I’m in New york. I went to Baruch College. Half the foreign students there can’t speak english properly. YET, they have no problems being recruited at the who’s-who of american corporations! What special “imported” skillset does it take to add/subtract numbers in a spreadsheet? However, their presence keeps the same corporations from hiring even that few extra US workers.

By Phil Singer
February 3, 2009 at 11:00 pm

If you follow NBA basketball (if Bob Lewis can use off the wall metaphors I can) you know that there are trends which make no sense. At one time, the accepted knowledge of the draft was that anybody “good” had to be a high school senior, or, at worst, a college freshman. A college senior was considered unwanted, no matter how obvious his skills. My own Detroit Pistons drafted some 6-11 JuCo transfer with a half year of experience in the first round, with the excuse that he was the only one left with no real college experience.

Sometimes I think that American Business believes that anyone from Asia must be better than anyone from the USA.

But, I’ve said it before here, I’ve know a few H-B people, and THEY HATE THE SYSTEM TOO! (Now I’ve got it out of my system). Maybe, we can get it fixed now.

By Jason
February 4, 2009 at 8:34 am

Great post Nick. The bailout for the banks is completely screwed up. The fat cats are being rewarded for collaborating in creating massive economic failure. The bank bailout has proven to me that there is an absolute double standard for the rich and powerful vs. “us”. Everyone says that we couldn’t allow them to fail, but I have to say, “why not?” By not allowing bad practices and stupidity to drive these fat cats into business failure, you ensure that they’ll stay in power over their industry and keep making ridiculously bad decisions in the future.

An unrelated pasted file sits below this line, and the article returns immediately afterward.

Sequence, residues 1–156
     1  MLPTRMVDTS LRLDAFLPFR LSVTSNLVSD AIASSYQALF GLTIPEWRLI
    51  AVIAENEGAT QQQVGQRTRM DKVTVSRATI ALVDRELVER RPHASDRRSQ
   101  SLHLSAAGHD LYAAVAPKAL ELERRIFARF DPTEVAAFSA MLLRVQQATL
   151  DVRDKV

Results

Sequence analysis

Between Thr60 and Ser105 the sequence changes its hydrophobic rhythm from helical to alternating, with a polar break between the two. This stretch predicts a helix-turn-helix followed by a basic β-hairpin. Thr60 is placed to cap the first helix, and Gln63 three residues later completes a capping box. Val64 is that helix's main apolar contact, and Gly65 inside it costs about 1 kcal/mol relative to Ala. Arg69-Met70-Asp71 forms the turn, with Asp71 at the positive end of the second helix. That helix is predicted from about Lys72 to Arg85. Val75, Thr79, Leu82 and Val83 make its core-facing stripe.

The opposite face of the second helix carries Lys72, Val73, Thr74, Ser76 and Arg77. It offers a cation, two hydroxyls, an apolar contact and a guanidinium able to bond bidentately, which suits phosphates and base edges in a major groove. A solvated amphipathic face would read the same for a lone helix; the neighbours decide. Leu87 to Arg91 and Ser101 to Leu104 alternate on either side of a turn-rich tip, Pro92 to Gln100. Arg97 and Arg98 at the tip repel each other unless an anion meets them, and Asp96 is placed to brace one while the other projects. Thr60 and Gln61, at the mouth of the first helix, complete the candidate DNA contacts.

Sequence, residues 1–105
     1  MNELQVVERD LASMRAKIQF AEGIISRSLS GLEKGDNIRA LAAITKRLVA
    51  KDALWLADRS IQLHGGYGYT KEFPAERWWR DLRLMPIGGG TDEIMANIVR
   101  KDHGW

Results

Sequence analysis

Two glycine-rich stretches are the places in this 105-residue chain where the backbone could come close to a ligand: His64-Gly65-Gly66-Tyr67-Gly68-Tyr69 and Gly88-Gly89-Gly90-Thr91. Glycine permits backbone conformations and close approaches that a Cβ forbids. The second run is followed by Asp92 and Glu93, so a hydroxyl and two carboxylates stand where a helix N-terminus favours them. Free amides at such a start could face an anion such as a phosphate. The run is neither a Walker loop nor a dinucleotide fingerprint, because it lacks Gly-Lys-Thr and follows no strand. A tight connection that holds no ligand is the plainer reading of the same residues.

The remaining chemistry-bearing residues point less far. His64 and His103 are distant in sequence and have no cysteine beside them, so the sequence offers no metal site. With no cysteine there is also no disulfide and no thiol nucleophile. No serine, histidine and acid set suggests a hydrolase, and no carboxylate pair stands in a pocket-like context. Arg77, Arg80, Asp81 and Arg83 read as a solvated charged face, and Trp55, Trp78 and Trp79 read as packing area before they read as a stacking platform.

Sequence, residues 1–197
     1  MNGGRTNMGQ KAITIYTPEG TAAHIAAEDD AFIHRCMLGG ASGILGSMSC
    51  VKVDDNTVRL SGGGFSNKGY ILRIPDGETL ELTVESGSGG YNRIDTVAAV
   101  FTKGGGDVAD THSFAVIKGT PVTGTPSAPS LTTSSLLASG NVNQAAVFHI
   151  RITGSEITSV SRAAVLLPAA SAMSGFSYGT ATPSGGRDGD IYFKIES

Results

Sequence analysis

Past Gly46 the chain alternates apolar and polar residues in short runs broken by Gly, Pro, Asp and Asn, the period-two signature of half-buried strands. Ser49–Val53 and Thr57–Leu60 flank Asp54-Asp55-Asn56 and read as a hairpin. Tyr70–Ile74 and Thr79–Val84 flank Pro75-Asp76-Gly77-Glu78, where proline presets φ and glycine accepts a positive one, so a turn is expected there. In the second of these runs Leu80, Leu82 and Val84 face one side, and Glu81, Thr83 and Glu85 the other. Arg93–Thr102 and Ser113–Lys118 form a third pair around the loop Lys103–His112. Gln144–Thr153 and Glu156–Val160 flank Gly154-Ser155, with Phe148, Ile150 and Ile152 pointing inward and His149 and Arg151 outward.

I’m sick and tired of the business world telling us its “just business” when they screw us over, but when they start suffering from their bad judgment, they go running to mommy government and get given _our_ money to save their skins.

Capitalism and true democracy died when the bank bailout was passed. To say that it was “necessary” to prop up the economy may have been true. But I think sometime in the future we’ll find out that if we’d have suffered through the pain of letting the banks fail now, we would have averted a larger disaster later. Like the spoiled child continuously bailed out by their parents, the banks aren’t going to learn. They’re going to keep pushing it until there will be no way out of total disaster.